It took a few months for the Frenchwoman to create her tulpa. He soon materialized like a real person, yet was still a bit of a puppet to David-Neel. Visitors took the tulpa – which went from a rotund appearance to a more lean, malicious look - for a real lama.

It would take David-Neel “six months of hard struggle” to rid herself of this tulpa.”

I must admit that I only came across Schwartz’s book (which is supposedly found in the memoir/metaphysical sections of more broadminded bookstores) after the subject of the tulpa was addressed in the recently-aired, 18-part Twin Peaks: The Return on Showtime.

A writer I admire, Nick Redfern, in a 2013 article at Mysterious Universe headlined “A creature of the mind,” also wrote of tulpas and Alexandra David-Neel’s somewhat harrowing experience. He concluded that “creating a tulpa is a matter that should never, under any circumstances whatsoever, be entered into lightly or without the benefit of a high degree of careful forethought.”

We would agree, after reading about David-Neel and other experiences – and to a certain degree the Thongden creation here in Schwartz’s book.

And just yesterday I happened upon the September/October 2017 issue of Atlantis Rising magazine. In an article headlined "The Thought-Form Factor," writer Brendan D. Murphy writes that a "thought, then, is a kind of living creature: the thought-force, or torsion/scalar energy is the 'soul',' while the plasmoidal elemental essence (particles) comprises the 'body' of the thought. Such thought-forms are sometime referred to as artificial elementals, temporary mental constructs." A tulpa, essentially. Adds Murphy: "The variety of possible thought-forms is essentially infinite, being limited only by the imaginations of the unvierse's sentient inhabitants."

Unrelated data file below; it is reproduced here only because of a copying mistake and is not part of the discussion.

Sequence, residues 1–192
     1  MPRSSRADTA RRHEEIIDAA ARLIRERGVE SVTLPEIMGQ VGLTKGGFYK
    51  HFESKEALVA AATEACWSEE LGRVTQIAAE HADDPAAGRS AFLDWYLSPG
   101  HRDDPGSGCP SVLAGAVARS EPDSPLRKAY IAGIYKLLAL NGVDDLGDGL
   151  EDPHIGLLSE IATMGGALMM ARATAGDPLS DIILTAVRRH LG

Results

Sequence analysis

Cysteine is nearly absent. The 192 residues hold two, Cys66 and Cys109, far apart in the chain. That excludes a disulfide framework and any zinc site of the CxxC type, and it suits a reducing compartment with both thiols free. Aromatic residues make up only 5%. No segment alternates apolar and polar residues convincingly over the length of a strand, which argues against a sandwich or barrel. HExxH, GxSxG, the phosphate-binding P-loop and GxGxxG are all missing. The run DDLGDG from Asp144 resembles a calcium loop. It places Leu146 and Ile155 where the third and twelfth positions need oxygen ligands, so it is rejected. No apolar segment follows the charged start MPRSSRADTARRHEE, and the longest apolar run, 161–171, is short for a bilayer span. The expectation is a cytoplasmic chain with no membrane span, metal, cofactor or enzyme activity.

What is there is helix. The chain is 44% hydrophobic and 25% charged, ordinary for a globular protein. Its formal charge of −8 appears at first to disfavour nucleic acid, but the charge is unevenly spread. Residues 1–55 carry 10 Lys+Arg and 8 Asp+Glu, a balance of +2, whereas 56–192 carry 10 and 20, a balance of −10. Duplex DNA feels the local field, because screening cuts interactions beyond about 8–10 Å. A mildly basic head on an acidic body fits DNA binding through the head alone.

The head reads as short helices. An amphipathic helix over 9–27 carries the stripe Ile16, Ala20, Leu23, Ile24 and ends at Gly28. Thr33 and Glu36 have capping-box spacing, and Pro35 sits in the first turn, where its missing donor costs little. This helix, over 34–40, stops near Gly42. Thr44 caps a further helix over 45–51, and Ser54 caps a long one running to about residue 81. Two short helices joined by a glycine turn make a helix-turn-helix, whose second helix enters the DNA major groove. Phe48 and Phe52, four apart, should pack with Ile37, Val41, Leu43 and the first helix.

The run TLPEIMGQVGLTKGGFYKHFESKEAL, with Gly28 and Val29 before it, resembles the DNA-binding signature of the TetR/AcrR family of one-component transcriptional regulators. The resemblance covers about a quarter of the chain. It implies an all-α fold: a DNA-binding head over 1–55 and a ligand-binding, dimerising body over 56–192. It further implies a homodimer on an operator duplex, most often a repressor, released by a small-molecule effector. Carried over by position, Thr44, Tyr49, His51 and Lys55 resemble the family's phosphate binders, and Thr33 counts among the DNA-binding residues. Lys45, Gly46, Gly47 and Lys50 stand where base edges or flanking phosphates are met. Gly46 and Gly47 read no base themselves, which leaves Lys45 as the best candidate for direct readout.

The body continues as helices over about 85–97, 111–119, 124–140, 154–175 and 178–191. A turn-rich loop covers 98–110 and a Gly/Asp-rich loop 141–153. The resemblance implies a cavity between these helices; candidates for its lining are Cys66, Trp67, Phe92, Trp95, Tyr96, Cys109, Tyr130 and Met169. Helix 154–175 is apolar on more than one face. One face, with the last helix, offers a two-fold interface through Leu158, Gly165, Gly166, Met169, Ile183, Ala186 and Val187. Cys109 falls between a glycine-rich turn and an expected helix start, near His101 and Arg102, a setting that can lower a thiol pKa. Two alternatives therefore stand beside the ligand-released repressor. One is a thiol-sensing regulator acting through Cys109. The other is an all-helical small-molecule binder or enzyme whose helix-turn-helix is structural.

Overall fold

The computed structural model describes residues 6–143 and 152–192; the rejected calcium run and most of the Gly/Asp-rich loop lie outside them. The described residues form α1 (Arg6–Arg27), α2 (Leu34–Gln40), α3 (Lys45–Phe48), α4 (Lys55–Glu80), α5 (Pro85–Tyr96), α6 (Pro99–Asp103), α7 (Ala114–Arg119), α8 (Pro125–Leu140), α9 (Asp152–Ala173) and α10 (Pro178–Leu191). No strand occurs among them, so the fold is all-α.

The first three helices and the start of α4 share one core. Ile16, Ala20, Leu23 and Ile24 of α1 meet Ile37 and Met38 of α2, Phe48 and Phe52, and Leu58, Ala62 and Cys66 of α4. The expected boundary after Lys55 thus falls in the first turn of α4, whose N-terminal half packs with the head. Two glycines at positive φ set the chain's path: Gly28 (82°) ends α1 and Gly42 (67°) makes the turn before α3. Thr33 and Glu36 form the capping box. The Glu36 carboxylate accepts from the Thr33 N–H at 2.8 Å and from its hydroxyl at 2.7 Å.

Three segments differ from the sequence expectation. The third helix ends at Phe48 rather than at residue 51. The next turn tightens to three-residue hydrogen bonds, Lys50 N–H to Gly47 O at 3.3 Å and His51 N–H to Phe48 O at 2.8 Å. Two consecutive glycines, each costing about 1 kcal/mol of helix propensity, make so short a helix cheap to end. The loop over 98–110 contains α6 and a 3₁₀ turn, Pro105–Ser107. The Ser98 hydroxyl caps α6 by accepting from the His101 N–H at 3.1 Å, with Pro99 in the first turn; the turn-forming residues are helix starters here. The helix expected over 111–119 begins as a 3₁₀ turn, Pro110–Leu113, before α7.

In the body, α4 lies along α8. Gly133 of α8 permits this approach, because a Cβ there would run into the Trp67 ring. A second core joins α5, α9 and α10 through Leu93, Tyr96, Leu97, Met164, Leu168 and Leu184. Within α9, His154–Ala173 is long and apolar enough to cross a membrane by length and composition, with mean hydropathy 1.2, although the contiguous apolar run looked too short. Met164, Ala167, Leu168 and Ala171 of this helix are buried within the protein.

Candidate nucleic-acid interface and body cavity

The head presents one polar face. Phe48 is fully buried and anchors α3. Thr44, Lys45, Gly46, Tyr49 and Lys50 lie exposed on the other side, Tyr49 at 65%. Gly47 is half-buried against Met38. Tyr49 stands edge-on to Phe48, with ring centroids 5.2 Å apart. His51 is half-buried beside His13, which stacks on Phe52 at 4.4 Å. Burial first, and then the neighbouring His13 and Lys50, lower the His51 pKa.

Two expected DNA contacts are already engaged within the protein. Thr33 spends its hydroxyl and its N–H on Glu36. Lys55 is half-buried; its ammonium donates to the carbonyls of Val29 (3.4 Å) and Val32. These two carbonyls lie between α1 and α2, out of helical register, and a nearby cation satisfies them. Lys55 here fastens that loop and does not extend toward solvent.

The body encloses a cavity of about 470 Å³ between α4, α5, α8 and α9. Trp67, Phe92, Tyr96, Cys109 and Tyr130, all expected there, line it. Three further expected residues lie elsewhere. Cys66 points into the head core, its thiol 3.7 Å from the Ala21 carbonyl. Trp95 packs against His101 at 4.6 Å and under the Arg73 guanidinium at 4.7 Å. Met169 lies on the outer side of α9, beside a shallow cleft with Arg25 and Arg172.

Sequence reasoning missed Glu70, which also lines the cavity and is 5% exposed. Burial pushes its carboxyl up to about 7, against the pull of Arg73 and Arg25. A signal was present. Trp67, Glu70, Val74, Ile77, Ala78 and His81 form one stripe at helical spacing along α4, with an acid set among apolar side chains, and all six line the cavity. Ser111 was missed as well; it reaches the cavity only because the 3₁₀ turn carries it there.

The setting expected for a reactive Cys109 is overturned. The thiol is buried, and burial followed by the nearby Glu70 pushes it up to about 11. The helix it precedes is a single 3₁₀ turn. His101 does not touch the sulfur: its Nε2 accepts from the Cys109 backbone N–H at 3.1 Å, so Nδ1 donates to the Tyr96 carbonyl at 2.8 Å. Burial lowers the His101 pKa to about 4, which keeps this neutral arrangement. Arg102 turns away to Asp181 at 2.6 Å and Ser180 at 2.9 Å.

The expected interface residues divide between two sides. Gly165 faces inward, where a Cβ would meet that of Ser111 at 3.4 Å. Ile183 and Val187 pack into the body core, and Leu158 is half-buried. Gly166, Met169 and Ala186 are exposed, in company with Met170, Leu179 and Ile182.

As an aside, fans of Twin Peaks already know that the key character, FBI Special Agent Dale Cooper uses the “Tibetan method” of investigation, which includes the use of dreams, intuition and deductive exercises while investigating certain cases.